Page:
This unspoken but no less efficient prohibition against attacking the “old” antiSemitism is taking place at the very moment when the “old” anti-Semitism is returning all around Europe, especially in post-communist East European countries. We can observe a similar weird alliance in the US: how can the US Christian fundamentalists, who are, as it were, by nature anti-Semitic, now passionately support the Zionist policy of the State of Israel? There is only one solution to this enigma. It is not that the US fundamentalists changed, it is that Zionism itself, in its hatred of the Jews who do not fully identify with the politics of the State of Israel, paradoxically became anti-Semitic, i.e., constructed the figure of the Jew who doubts the Zionist project along anti-Semitic lines. Israel is playing a dangerous game here: Fox News, the main US voice of the radical Right and a staunch supporter of Israeli expansionism, recently had to demote Glen Beck, its most popular host, whose comments were becoming openly anti-Semitic.2
The standard Zionist argument against the critics of the policies of the State of Israel is that, of course, like every other state, the State of Israel can and should be judged and eventually criticized, but that the critics of Israel misuse the justified critique of Israeli policy for anti-Semitic purposes. When the unconditional Christian fundamentalist supporters of the Israeli politics reject leftist critiques of Israeli policies, their implicit line of argumentation is best rendered by a wonderful cartoon published in July 2008 in the Viennese daily Die Presse. It shows two stocky Nazi-looking Austrians, one of them holding in his hands a newspaper and commenting to his friend: “Here you can see again how a totally justified anti-Semitism is being misused for a cheap critique of Israel!” These are today’s allies of the State of Israel. Jewish critics of the State of Israel are regularly dismissed as self-hating Jews; however, are the true self-hating Jews, those who secretly hate the true greatness of the Jewish nation, not precisely the Zionists making a pact with anti-Semites? How did we end up in such a weird situation?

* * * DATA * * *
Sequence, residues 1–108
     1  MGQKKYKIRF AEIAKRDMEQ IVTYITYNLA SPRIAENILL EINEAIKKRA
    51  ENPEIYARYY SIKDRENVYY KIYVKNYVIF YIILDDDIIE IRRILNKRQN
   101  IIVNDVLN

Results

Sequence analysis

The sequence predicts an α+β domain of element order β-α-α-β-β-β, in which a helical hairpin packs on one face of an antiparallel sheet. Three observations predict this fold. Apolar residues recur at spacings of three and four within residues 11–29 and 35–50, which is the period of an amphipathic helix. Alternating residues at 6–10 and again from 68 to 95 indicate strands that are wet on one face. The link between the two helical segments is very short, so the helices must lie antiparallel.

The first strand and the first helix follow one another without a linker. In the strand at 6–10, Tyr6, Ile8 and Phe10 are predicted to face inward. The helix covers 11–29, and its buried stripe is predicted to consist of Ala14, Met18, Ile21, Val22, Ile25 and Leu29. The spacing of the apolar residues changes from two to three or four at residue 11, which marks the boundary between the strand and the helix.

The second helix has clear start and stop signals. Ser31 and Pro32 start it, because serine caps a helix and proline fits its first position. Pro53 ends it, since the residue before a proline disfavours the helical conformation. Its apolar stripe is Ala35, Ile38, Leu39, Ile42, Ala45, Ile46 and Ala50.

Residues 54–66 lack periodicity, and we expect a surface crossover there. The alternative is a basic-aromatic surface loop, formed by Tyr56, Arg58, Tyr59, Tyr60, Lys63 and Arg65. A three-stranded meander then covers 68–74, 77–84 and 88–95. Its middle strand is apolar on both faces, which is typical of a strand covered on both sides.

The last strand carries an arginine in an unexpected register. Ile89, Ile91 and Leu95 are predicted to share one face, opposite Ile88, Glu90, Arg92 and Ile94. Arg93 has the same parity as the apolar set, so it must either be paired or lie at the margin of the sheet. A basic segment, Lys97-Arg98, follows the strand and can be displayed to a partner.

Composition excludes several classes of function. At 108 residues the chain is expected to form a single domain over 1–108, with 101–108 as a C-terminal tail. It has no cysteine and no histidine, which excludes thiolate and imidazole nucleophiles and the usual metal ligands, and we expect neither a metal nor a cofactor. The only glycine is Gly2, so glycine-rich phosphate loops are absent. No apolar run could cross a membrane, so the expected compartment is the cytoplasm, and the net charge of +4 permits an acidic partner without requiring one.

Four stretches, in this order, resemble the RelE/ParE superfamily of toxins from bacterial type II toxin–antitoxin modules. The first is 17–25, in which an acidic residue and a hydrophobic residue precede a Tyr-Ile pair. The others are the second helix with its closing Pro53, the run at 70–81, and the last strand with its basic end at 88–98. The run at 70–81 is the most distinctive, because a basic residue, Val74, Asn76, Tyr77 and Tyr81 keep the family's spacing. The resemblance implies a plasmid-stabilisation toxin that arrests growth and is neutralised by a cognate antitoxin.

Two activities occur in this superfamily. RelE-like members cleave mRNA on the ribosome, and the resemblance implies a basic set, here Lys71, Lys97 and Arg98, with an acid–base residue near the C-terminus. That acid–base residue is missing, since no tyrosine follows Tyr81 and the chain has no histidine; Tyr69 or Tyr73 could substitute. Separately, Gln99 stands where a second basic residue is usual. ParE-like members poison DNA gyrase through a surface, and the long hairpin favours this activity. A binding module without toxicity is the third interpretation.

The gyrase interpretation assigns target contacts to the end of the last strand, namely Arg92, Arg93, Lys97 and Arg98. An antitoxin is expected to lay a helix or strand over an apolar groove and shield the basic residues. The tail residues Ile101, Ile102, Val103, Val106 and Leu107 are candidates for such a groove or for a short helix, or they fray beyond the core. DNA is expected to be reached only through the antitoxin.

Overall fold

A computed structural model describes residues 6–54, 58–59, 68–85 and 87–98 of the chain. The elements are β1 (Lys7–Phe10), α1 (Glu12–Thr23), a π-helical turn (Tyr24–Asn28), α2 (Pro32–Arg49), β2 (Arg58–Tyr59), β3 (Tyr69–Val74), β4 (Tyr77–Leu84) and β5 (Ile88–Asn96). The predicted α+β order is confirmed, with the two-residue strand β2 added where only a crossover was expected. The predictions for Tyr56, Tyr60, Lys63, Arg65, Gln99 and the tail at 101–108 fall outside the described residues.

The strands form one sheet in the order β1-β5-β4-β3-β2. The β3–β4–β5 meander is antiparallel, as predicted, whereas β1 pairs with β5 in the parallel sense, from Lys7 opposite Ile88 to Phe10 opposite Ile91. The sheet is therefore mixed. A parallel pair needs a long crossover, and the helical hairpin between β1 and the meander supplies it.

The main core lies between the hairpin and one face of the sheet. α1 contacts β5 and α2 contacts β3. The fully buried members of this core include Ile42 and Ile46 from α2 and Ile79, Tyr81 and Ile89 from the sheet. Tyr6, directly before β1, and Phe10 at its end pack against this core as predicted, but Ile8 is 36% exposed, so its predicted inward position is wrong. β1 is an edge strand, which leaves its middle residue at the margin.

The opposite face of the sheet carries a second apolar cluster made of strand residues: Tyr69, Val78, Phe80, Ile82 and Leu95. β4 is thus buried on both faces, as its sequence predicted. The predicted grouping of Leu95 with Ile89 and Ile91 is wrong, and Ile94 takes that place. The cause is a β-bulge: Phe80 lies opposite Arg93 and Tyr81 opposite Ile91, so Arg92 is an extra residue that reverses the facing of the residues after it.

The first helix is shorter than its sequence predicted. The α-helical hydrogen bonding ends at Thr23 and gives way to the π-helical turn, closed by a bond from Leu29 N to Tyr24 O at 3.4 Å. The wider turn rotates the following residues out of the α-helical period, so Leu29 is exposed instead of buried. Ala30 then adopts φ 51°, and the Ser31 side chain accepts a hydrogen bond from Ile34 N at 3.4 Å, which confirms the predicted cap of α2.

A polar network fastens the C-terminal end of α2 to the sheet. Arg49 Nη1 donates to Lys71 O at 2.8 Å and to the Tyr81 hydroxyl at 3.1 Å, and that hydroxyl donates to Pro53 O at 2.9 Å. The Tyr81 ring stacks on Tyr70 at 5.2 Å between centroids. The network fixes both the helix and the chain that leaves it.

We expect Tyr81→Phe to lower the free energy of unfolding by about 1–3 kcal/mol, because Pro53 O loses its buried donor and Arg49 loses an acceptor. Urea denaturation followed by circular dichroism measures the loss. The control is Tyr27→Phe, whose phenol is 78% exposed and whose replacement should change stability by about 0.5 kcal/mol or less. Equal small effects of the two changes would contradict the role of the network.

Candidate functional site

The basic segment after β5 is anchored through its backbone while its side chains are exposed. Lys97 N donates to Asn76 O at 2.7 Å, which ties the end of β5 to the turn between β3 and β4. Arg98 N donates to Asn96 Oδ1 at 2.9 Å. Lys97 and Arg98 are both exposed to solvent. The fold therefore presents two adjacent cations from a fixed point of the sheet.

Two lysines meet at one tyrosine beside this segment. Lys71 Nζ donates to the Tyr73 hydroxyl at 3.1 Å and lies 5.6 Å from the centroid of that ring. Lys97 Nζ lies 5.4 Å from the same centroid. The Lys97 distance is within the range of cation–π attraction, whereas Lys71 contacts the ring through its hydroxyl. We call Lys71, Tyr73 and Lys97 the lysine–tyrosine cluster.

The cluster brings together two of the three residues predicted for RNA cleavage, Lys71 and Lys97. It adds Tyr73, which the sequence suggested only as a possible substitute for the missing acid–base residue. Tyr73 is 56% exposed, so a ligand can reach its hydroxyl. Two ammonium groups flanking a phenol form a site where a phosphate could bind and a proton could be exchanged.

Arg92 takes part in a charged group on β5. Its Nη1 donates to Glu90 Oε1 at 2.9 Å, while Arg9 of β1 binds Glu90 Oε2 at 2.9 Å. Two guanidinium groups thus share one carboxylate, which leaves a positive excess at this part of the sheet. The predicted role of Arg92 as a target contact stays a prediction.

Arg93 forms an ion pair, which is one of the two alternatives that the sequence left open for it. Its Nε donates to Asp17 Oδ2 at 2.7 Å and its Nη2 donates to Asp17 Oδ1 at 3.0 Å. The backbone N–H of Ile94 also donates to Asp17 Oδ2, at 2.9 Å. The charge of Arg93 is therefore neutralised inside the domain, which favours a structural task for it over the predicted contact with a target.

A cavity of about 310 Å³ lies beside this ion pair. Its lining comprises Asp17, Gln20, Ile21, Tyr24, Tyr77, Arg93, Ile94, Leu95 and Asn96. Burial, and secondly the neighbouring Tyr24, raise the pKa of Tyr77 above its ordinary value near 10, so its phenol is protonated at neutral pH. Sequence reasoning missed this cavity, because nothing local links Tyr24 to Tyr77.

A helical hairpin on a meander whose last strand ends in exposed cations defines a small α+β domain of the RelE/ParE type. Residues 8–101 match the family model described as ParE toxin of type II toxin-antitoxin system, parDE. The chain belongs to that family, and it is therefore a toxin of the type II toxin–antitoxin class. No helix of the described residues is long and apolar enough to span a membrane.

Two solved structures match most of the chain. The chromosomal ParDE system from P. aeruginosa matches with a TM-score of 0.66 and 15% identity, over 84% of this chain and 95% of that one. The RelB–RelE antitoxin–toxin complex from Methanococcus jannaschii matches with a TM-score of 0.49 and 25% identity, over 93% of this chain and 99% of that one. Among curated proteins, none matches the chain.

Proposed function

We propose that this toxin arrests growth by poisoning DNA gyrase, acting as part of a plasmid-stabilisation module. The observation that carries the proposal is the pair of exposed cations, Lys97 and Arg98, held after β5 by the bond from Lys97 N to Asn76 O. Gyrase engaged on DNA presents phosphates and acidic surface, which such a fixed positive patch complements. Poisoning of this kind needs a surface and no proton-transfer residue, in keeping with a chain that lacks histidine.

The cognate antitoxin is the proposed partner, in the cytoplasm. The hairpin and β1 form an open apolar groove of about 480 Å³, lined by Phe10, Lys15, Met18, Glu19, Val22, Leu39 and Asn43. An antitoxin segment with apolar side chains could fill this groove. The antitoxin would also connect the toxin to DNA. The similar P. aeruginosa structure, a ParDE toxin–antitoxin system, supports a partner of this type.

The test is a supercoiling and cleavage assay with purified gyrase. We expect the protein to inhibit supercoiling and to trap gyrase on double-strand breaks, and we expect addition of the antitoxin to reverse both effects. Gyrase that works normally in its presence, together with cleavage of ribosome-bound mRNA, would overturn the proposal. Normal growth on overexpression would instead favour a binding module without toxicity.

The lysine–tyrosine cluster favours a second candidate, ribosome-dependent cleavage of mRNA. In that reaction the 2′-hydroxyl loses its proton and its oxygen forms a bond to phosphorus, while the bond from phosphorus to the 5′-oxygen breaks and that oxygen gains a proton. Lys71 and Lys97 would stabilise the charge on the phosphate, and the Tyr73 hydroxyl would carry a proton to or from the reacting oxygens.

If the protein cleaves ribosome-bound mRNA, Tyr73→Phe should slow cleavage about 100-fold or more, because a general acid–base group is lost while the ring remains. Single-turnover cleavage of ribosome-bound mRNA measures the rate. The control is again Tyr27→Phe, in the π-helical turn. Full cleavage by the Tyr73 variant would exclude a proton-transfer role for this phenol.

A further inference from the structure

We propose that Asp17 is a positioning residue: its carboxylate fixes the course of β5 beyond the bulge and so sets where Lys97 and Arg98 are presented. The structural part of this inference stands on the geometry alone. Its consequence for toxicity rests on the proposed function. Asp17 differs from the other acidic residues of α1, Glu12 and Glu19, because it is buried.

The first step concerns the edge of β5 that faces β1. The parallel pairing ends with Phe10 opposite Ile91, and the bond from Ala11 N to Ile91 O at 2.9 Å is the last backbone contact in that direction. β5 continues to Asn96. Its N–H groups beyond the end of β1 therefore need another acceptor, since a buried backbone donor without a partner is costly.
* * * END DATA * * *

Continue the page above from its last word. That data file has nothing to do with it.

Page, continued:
The fantasmatic status of anti-Semitism is clearly designated by the statement attributed to Hitler: “We have to kill the Jew within us.” A. B. Yehoshua provided an adequate comment to this statement:This devastating portrayal of the Jew as a kind of amorphous entity that can invade the identity of a non-Jew without his being able to detect or control it stems from the feeling that Jewish identity is extremely flexible, precisely because it is structured like a sort of atom whose core is surrounded by virtual electrons in a changing orbit.3In this sense, Jews are effectively the objet petit a of the Gentiles. They are what is “in Gentiles more than Gentiles themselves”—not another subject that I encounter in front of me but an alien, a foreign intruder, within me, what Lacan called lamella, the amorphous intruder of infinite plasticity, an undead “alien” monster who can never be pinned down to a determinate form. In this sense, Hitler’s statement tells more than it wants to say: against its intention, it confirms that the Gentiles need the anti-Semitic figure of the “Jew” in order to maintain their identity.4 It is thus not only that “the Jew is within us”; what Hitler fatefully forgot to add is that he, the anti-Semite, his identity, is also in the Jew.5 What does this paradoxical entwinement mean for the destiny of anti-Semitism?